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I was a teenaged AIDS educator [Jan. 25th, 2017|10:43 am]
The ShanMonster

In the mid-80s, I was a high school student raised in a Christian apocalyptic cult in a rural, conservative part of Canada. I was a homophobe, because I'd been raised to be one. My parents did not believe in public sex education, yet were supportive of my self-motivated learning. I was an unpopular child, and threw myself into academic research. I was fascinated by AIDS, and I read everything I could find on the topic.

I read everything from tabloid articles (Rock Hudson and Liberace had reams of articles written on them) to medical journals. Where most kids I knew would hang out with one another and play hockey or chat on the phone, I would beg to be taken to the university an hour's drive away. There I'd sit and read articles in the Journal of the American Medical Association and the New England Journal of Medicine. I had a written correspondence going with the World Health Organization, the science editor at Time magazine, and the head of AIDS research in Canada (I've long since forgotten his name). I talked to doctors, nurses, and professors of virology. I researched everything from social ramifications to medical testing and treatments to safe sex practices.

This latter topic was the one which landed me in the most trouble. I purchased educational pamphlets from safe sex organizations in San Francisco. Here I was, a homophobic virgin, reading about anal sex, fisting, docking, poppers, and all sorts of things for which I really had no understanding. Poppers were as mysterious to me as retroviruses, but I kept reading, hoping that eventually, I'd be able to understand what it all meant.

As a result, I ended up becoming one of the most educated people on the topic of AIDS in Canada for that short period of time. Professors started coming to me for information and my opinion. I put together an education system on teaching about AIDS in junior high schools. Suddenly I was introducing safe sex topics to rural New Brunswick. The principal accepted my program, with the exception of any sympathetic talk about homosexual behaviour. I accepted this because I figured some education was better than none. There was already one reported AIDS case in the region, after all.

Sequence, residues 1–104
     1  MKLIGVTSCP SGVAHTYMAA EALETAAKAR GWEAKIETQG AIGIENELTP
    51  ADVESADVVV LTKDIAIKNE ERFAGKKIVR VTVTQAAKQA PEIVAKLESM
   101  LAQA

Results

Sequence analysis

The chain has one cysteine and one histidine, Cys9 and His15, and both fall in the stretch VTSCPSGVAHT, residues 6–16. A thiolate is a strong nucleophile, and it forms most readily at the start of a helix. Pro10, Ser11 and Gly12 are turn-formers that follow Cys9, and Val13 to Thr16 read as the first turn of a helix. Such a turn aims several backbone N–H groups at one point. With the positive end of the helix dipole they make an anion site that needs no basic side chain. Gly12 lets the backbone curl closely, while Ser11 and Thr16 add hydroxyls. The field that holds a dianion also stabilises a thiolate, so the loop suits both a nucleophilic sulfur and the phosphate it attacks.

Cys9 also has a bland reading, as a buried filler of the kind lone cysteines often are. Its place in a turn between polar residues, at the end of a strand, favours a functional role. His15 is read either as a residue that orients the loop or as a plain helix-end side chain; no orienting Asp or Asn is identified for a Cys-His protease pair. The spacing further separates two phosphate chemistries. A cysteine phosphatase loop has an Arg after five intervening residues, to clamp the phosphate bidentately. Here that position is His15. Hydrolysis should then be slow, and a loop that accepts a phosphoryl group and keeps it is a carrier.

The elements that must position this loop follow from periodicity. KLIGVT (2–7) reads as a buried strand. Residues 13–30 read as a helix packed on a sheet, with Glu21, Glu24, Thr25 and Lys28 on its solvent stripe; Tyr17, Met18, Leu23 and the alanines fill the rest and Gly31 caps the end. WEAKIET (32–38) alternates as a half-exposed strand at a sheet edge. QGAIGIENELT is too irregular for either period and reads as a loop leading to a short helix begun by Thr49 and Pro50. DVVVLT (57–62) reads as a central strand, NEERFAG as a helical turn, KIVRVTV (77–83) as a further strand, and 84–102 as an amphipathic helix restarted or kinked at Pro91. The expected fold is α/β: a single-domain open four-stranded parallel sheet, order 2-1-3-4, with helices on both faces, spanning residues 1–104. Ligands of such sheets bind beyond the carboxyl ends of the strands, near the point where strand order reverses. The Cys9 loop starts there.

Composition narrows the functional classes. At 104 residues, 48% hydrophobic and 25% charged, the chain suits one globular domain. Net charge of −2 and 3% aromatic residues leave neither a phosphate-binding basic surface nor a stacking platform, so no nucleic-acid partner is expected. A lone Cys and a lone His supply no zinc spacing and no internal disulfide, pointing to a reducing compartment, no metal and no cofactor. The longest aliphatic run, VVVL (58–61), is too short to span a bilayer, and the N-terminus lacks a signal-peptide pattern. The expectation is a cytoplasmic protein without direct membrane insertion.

I wrote up a survey to be given to the students before and after taking the lessons on AIDS education. It demonstrated that the message was getting through to the kids, and that they were learning about AIDS transmission, safe sex, blood transfusions, and IV drug use.

I took my findings to a regional science fair, and that's when things got nasty. Some of my materials (ie. the safe sex pamphlets from San Francisco bath houses) was sexually explicit. One kid kept showing up and taking my materials, taking off with them to snicker and show his friends. I had saved up my allowance to purchase these, and didn't appreciate having them taken, let alone to have them being laughed at. I managed to get them back, and put them away in my purse.

While I wasn't looking, the kid came back and stole them from my purse. I had no idea anything was wrong until an angry mother stormed over to me with my pamphlets. She screamed at me, told me I was a pervert who was corrupting her son, and then she tore up my pamphlets and brought over science fair staff. They went through my materials, ensuring there weren't any more "dirty" materials.

I was not reimbursed for my stolen and destroyed property.

I received an honourable mention for my science fair project. I was invited to address a class at a local university (I demurred, because I thought that since I was just a high school kid, I'd have nothing to teach to university students). And when I went on to the provincial science fair, I had all my materials searched for contraband perversion before I was allowed to set up.

[User Picture]From: stitchwhich
2017-01-27 04:49 am (UTC)
Well that's just great. I would have expected such behavior where I live (we raised our sons about 5 miles from Pat Robertson's church and University) but the school system was oddly supportive - enough that our sons were asked to visit other classes to talk about what it was like living in a home with two dads and one mom.

I would have never thought of someplace Canada to have folks like that in sufficient quantity to give you such a horrid and humiliating experience.
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